An old school for African-American children in Albemarle County, Va., is finally getting the recognition it deserves some 93 years after it was built, WHSV reports.
According to the news station, on Saturday a historic marker was dedicated in honor of the St. John School, which was built in 1923 through money from the Julius Rosenwald Fund to educate black children during a time of segregation.
Former students of the school came out to participate in the dedication, recalling its significance back then.
"It built the foundation," Alberta Brasfield, who attended the school with her best friend, Bernice Mitchell, recalled. "If this school wasn't here, we would've never learned to read and write."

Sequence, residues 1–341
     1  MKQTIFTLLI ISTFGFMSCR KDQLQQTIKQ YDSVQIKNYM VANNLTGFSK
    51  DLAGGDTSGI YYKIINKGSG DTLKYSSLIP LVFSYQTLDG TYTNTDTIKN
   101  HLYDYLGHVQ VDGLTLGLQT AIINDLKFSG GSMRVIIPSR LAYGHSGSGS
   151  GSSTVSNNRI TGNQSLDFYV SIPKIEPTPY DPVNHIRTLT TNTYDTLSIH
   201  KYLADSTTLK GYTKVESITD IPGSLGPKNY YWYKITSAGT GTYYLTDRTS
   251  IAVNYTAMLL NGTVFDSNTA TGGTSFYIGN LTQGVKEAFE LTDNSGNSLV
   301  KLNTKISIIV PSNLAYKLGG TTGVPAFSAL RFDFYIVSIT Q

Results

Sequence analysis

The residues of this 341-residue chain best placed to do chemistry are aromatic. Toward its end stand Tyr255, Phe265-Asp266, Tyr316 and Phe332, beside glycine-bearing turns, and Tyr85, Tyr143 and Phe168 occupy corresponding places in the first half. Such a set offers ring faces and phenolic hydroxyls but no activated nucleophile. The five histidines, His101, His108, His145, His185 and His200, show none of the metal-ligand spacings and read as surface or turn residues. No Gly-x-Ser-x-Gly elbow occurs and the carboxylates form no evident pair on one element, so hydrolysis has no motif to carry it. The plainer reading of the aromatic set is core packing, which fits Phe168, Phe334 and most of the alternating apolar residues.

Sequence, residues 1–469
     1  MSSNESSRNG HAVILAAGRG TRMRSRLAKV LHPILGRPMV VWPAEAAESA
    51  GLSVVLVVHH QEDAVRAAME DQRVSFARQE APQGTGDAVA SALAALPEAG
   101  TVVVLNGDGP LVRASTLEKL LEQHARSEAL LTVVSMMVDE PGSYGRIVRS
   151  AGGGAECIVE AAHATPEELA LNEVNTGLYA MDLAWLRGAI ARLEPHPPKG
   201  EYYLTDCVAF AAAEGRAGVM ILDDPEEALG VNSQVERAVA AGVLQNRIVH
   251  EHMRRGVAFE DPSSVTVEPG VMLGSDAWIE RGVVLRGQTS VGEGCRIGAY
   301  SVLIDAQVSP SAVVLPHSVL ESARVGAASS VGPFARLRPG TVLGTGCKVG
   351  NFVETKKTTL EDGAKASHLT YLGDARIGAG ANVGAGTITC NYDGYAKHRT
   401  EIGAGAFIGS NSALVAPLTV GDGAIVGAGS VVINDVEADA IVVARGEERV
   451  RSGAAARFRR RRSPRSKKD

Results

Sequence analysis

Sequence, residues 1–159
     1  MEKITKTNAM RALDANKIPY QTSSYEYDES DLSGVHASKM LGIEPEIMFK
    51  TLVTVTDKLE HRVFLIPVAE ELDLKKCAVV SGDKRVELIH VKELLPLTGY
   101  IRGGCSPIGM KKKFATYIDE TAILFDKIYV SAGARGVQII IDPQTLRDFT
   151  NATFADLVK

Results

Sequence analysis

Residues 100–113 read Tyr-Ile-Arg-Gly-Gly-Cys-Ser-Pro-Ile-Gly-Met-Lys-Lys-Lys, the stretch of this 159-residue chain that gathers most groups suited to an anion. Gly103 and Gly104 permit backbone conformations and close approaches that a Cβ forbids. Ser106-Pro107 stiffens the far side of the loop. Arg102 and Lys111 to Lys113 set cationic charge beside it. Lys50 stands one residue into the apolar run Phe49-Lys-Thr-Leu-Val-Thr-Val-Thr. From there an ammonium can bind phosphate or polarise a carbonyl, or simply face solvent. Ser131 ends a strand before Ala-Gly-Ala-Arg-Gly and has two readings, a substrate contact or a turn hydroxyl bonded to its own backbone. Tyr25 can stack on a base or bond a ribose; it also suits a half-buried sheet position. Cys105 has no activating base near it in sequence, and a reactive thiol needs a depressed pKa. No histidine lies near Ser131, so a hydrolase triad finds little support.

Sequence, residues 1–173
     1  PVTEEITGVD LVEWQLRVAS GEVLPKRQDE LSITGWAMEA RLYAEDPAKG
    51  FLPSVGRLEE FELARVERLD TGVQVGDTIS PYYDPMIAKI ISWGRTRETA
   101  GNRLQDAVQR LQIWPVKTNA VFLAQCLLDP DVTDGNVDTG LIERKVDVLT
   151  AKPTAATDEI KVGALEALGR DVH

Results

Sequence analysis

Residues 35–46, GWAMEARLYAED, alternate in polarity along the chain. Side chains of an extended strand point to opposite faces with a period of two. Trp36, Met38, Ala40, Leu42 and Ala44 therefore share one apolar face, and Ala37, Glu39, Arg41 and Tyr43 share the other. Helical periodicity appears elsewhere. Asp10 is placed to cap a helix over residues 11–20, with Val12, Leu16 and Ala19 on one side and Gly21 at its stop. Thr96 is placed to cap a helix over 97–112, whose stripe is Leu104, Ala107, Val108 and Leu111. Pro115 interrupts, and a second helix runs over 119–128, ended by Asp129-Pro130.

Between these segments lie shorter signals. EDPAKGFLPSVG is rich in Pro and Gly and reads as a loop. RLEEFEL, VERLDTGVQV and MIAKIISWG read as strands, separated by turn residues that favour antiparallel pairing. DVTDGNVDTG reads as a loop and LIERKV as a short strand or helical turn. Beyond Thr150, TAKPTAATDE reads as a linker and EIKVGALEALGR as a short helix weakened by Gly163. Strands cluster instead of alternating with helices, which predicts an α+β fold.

As WHSV notes, the school was closed in the 1950s and then nearly burned down after becoming privately owned. However, shortly after that, alumni became determined to revive the school, creating the nonprofit group St. John Family Life and Fitness Center, Inc.
It took the group some seven years to get the school recognized as a historic site.
"Those yet born will be happy to look at this marker and continue to be glorified as I am today," Mitchell said.
"You apply for one of these markers and it's a competitive process," Marc Wagner from the Virginia Department of Historic Resources told WHSV. "The marker has to be a statewide significant topic."
Now the group is focusing on raising money to restore life to the school as a fitness center.
Read more at WHSV.